A lot has been said of the current mobile payment landscape. Since someone came up with the bright idea to let you go around town slapping your phone against point-of-sale terminals to pay for things, the entire concept has been hit and miss. Google Wallet was the closest we’d come to a good solution, but it only gave rise to competition. Apple Pay has come in and turned most of the lights out, but one challenger remains. Now we get a better idea as to why they’re not able to coexist, and how retailers may be willingly backing the wrong horse.
We’ll take a moment to reflect a touch on the whole dust-up. just after launch, it turned out Apple Pay wasn’t accepted at some major retailers, and a lot of that had to do with CurrentC. Locations like Rite Aid, CVS, and Wal-Mart have decided to put their efforts behind CurrentC, a competing platform that relies on dated ideals and technology. We’d previously heard via our source at Rite Aid that Rite Aid’s decision to forgo Apple Pay was due to the CurrentC (MCX, if you like) contract, which states no other payment solution can be accepted.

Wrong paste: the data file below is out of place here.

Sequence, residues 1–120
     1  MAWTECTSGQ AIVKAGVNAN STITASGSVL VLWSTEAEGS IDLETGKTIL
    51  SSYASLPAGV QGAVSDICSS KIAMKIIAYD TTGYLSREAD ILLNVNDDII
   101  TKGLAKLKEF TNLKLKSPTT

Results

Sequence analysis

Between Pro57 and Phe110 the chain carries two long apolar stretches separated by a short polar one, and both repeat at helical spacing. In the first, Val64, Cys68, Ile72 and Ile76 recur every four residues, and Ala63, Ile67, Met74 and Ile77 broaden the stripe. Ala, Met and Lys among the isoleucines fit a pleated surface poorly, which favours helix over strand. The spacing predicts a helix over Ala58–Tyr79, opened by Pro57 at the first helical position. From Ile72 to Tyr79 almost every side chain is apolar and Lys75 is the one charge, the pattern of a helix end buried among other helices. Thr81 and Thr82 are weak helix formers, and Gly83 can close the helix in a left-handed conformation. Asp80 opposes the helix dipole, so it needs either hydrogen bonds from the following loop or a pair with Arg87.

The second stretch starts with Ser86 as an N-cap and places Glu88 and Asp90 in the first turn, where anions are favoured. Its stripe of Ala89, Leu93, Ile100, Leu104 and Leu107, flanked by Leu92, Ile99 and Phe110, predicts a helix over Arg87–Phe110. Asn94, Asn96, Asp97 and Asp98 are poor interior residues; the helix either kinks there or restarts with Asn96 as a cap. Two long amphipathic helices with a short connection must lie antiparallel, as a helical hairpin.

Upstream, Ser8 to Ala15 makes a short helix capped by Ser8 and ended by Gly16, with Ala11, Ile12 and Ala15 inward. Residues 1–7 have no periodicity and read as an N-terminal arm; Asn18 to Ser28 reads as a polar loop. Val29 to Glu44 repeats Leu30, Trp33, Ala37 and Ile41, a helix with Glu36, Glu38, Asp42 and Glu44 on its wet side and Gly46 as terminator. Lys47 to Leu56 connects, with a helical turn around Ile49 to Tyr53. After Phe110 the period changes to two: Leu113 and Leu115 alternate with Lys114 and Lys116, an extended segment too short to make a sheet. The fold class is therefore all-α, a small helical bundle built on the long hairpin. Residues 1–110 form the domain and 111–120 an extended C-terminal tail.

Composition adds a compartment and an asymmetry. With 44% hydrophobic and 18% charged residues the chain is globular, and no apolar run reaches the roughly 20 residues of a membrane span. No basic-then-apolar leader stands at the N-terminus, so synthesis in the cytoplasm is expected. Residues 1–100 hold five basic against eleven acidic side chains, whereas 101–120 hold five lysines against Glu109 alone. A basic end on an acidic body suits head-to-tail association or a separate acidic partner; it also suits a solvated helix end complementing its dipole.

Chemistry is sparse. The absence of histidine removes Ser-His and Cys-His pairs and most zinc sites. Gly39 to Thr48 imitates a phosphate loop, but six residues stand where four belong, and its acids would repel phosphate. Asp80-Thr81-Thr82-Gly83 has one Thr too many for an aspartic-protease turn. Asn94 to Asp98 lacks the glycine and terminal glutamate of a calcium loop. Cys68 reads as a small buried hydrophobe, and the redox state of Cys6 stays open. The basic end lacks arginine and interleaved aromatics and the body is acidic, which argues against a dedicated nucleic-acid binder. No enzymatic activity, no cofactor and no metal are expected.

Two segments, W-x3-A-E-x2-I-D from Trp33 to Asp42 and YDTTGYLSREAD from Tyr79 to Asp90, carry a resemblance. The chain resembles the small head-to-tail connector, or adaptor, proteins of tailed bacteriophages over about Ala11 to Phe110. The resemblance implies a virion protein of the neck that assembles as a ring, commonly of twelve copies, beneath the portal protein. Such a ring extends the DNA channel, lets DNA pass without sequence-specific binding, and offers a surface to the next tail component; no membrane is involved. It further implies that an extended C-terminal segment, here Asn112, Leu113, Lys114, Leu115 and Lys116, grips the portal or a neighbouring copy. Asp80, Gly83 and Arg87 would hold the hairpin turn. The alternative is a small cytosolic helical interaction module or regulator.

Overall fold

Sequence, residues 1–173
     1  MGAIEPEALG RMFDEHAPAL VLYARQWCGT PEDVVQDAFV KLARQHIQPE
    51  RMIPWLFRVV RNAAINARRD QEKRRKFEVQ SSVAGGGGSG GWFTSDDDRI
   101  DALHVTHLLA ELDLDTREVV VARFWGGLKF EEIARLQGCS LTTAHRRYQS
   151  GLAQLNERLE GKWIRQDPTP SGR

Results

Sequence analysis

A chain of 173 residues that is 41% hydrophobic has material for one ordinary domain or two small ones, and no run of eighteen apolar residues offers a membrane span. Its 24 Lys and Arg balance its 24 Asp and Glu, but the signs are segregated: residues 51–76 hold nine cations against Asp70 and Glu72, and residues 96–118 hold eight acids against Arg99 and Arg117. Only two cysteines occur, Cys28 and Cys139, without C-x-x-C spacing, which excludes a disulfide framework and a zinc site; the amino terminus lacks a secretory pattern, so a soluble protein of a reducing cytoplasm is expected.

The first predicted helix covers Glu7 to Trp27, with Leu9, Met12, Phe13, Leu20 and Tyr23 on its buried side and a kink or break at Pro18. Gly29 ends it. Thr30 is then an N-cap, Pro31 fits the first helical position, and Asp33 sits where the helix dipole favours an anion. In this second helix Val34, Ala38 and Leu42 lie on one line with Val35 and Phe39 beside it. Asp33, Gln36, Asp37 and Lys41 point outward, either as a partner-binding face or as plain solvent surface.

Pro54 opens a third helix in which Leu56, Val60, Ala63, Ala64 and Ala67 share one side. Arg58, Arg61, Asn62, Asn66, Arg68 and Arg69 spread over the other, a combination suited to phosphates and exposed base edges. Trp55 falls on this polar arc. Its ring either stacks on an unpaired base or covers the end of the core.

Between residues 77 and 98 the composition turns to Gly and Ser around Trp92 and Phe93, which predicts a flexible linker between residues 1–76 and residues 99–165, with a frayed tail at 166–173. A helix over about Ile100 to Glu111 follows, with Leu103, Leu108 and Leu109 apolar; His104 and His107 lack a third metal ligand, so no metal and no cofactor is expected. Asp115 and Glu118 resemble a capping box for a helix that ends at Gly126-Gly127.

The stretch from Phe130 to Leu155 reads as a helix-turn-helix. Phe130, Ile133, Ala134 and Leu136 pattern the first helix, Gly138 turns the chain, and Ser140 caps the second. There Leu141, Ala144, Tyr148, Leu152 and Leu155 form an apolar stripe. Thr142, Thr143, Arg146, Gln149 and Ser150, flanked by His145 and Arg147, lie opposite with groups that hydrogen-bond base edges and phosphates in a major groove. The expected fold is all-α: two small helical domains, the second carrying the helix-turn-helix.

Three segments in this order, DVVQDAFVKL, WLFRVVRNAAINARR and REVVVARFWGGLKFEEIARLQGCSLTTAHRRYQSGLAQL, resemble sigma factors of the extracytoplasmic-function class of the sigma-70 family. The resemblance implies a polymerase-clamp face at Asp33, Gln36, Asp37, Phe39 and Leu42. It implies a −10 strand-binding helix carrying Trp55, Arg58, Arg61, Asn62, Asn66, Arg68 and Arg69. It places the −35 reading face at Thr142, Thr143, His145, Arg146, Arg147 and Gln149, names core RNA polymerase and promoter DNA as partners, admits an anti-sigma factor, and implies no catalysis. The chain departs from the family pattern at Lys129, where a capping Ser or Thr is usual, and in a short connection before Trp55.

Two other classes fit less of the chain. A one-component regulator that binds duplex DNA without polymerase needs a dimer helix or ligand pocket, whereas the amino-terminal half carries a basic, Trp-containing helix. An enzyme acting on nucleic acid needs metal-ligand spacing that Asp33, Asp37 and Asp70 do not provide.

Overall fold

Turns out, that’s totally accurate. CurrentC parent company MCX has created a page dedicated to these issues, and is pretty open about their intent to be the only mobile payment provider involved at a given location. From their page addressing the current Apple Pay v. CurrentC issues:
When merchants choose to work with MCX, they choose to do so exclusively and we’re proud of the long list of merchants who have partnered with us. Importantly, if a merchant decides to stop working with MCX, there are no fines.
MCX also paints their own product as dated, saying “Back when the MCX merchants first got together, it was in response to a market that lacked a viable mobile wallet that would benefit both consumers and retailers”.
They’re right. CurrentC was created in 2011, when Google Wallet was still finding its legs, and full of nothing but promise; but we all knew mobile payments would be on the horizon. Apple Pay took the NFC payment baton and Usain Bolt-ed with it, though. There really isn’t a need for a system like CurrentC anymore.
What we don’t know is whether or not retailers can opt-out of CurrentC at any point, or if contracted term limits exist. If they do, we’re probably not going to see Apple Pay at Rite Aid, Wal-Mart, or CVS any time soon, as a decade-or-longer contract may be in place.
If these retailers can opt-out and support Apple Pay (and others) at any time, though — we’re going to start wondering what the issue really is.